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Publication numberUS7186988 B2
Publication typeGrant
Application numberUS 10/471,042
PCT numberPCT/EP2002/002372
Publication dateMar 6, 2007
Filing dateMar 5, 2002
Priority dateMar 6, 2001
Fee statusPaid
Also published asDE50210236D1, EP1366352A1, EP1366352B1, US20040238729, WO2002071043A1
Publication number10471042, 471042, PCT/2002/2372, PCT/EP/2/002372, PCT/EP/2/02372, PCT/EP/2002/002372, PCT/EP/2002/02372, PCT/EP2/002372, PCT/EP2/02372, PCT/EP2002/002372, PCT/EP2002/02372, PCT/EP2002002372, PCT/EP200202372, PCT/EP2002372, PCT/EP202372, US 7186988 B2, US 7186988B2, US-B2-7186988, US7186988 B2, US7186988B2
InventorsJürgen Müller, Stefan Hummel
Original AssigneeEvotec Oai Ag
Export CitationBiBTeX, EndNote, RefMan
External Links: USPTO, USPTO Assignment, Espacenet
Method for analyzing chemical and or biological samples
US 7186988 B2
Abstract
In a method for analyzing a chemical and/or biological sample, particularly in high- and medium throughput screening systems, an observation beam (12) is focused in an observation volume (24) of the sample. For analyzing the sample, the observation beam (12) is moved in the sample. According to the inventions, to improve the quality of the measurement, the observation beam is moved continuously in the observation volume (24).
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Claims(16)
1. A method for analyzing a chemical and/or biological sample, particularly in high and medium throughput screening systems, comprising the following steps: focusing an observation beam in an observation volume of the sample and continuously moving the observation beam in the observation volume of the sample by deflecting the observation beam by means of a deflection mirror which performs a tunable movement and together with an axis of rotation including an angle (a) in the range of 90.10° to 95°.
2. The method according to claim 1, characterized in that the observation beam is moved undirectionally.
3. The method according to claim 1 or 2, characterized in that the observation beam is moved along a path closed in itself.
4. The method according to claim 1 or 2, characterized in that, for uniformization of the dwell period of the observation beam at illumination sites in the observation volume, the rotational speed of the deflection mirror is varied.
5. The method according to claim 1 or 2, characterized in that, for uniformization of the photon quantity acting on illumination sites of the sample, the intensity of the observation beam is controlled in dependence of the moving speed of the observation beam in the observation volume.
6. The method according to claim 1 or 2, characterized in that, under the influence the observation beam, particles contained in the sample are excited to generate luminescence.
7. The method according to claim 6, characterized in that the radiation emitted by the particles, especially fluorescence radiation, is detected.
8. A microscope for performing the method according to claim 1 or 2, comprising an illumination unit for generating an exciting light, a microscopic objective for focusing the exciting light in the observation volume, and a deflection mirror arranged to deflect the exciting light to move the focus in the observation volume, the deflection mirror performing a tumble movement characterized in that an angle between the deflection mirror and an axis of rotation in the range of 90.10° to 95°.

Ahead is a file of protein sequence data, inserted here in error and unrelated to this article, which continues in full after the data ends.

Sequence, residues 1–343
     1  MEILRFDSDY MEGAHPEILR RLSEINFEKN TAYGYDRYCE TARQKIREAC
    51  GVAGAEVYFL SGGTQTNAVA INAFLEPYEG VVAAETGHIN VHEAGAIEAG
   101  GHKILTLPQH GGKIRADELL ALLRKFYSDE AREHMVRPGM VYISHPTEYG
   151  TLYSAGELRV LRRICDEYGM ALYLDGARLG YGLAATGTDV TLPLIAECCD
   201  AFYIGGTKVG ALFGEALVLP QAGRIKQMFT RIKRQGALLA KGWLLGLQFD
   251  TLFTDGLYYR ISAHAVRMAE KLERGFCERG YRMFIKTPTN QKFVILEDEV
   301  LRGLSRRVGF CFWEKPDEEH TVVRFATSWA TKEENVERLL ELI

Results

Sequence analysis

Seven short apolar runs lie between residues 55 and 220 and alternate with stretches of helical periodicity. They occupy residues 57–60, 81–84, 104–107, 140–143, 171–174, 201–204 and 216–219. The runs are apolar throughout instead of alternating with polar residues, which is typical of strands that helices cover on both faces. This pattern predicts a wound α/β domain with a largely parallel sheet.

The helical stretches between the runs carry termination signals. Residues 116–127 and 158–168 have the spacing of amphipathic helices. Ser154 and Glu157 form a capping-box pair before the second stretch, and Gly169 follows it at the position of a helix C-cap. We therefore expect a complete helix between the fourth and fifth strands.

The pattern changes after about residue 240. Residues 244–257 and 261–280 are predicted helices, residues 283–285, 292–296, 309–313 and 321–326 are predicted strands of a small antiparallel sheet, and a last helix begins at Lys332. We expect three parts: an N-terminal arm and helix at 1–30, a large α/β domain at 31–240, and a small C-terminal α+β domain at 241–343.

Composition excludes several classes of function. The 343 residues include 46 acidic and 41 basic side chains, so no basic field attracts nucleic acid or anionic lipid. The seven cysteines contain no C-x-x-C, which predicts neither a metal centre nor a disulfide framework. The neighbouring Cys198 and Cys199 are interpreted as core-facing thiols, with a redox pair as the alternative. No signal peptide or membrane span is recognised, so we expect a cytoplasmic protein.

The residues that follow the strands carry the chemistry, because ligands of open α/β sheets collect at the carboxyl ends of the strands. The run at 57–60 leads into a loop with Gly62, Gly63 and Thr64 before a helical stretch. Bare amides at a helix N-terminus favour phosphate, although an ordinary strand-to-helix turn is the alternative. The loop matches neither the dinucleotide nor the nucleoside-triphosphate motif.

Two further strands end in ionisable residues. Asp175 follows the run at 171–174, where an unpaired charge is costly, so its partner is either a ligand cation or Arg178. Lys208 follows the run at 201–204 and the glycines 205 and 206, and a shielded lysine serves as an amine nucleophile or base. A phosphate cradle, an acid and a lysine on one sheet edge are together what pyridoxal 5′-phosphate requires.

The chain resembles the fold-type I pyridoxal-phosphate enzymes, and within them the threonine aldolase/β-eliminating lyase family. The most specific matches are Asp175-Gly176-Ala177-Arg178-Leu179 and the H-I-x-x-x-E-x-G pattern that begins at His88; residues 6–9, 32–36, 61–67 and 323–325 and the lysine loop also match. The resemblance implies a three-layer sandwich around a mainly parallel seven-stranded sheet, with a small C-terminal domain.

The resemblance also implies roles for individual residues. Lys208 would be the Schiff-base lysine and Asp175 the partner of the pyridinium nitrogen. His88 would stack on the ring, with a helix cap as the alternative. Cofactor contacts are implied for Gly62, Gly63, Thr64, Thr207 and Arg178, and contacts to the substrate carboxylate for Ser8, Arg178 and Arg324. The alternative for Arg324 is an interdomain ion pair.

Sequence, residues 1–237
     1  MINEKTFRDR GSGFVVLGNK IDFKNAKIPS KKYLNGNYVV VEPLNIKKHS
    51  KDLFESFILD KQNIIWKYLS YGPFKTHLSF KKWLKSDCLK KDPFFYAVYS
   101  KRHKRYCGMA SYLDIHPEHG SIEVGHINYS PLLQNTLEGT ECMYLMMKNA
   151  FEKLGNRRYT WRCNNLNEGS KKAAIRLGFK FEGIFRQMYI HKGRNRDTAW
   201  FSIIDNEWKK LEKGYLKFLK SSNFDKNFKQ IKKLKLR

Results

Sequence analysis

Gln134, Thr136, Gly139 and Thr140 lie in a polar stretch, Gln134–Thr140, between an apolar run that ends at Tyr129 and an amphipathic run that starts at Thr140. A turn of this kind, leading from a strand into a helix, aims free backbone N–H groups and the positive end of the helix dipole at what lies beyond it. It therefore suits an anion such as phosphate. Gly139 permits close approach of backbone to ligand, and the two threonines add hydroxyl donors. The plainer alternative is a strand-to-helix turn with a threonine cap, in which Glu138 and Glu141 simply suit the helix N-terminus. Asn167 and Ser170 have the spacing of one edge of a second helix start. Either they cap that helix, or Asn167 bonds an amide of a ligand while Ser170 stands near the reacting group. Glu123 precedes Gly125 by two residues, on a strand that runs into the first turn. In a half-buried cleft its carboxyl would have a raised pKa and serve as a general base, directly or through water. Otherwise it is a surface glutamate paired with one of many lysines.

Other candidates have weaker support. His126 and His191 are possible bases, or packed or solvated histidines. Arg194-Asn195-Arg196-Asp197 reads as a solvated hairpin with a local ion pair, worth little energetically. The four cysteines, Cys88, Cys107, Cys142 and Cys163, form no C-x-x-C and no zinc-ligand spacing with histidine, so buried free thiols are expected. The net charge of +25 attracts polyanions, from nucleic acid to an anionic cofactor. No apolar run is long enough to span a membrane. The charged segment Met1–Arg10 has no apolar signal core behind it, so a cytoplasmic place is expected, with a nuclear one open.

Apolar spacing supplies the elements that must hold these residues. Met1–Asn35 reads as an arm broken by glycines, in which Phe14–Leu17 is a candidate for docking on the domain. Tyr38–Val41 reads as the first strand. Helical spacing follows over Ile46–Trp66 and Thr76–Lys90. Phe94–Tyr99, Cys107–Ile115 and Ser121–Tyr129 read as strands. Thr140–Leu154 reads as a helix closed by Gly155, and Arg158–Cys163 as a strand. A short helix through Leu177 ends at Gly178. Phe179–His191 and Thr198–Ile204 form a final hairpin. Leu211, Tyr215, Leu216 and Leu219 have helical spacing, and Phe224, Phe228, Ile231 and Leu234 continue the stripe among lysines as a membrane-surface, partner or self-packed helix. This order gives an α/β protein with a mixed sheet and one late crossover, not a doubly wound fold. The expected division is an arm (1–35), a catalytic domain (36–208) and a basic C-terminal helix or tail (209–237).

9. The microscope according to claim 8, characterized in that the exciting light is incident on the deflection mirror substantially in the center of rotation of the deflection mirror.
10. The microscope according to claim 8, characterized in that the angle (a) of the deflection mirror is adjustable.
11. The microscope according to claim 10, characterized in that an adjustment unit is provided for automatic adjustment of the angle (a) of the deflection mirror.
12. The microscope according to claim 8, characterized in that the deflection mirror is planar.
13. A deflection unit for a microscope according to claim 8 for optical coverage of an observation volume, comprising a deflection mirror connected to a drive unit and adapted to perform a tumble movement imparted by the drive unit, the deflection mirror together with an axis of rotation including an angle (a) in the range of 90.10° to 95°.
14. The deflection unit according to claim 13, characterized by a casing supporting the drive unit and/or the deflection mirror, provided with a connection element for connection to an objective receiving portion of a confocal microscope, and with a receiving element arranged to receive a microscope objective.
15. The microscope according to claim 8, characterized by a reflection mirror arranged vertically to the axis of rotation of the deflection mirror.
16. A microscope for performing the method according to claims 1 or 2, characterized by a beam splitter by which the exciting light coming from the illumination unit is guided toward the observation volume, and which transmits the light emitted from the observation volume, the beam splitter further serving as a deflection mirror.
Description

The invention relates to a method for analyzing chemical and/or biological samples, particularly in high- and medium throughput screening. Further, the invention relates to a microscope for performing said method, as used particularly in fluorescence spectroscopy.

Microscopes serve for the optical coverage of the processes taking place in an observation volume. Known confocal microscopes comprise an illumination unit, e.g. a laser, for generating an observation beam, particularly in the form of exciting light. The exciting light, optionally after conditioning by a lens arrangement, is incident onto a dichroic mirror which will reflect the light in the direction of the observation volume. Thereafter, the light is directed to pass through a lens system, particularly a microscope objective, which will focus the light in the observation volume. In the observation volume, which includes e.g. biological and/or chemical samples, e.g. fluorescence is generated by the exciting light depending on the respective composition of the samples. The thus generated fluorescent light passes (through the microscope objective and through the dichroic mirror to a detector unit. An aperture stop can be provided before the detector unit, with the fluorescent light focused into the aperture stop; thus, a confocal microscope is obtained.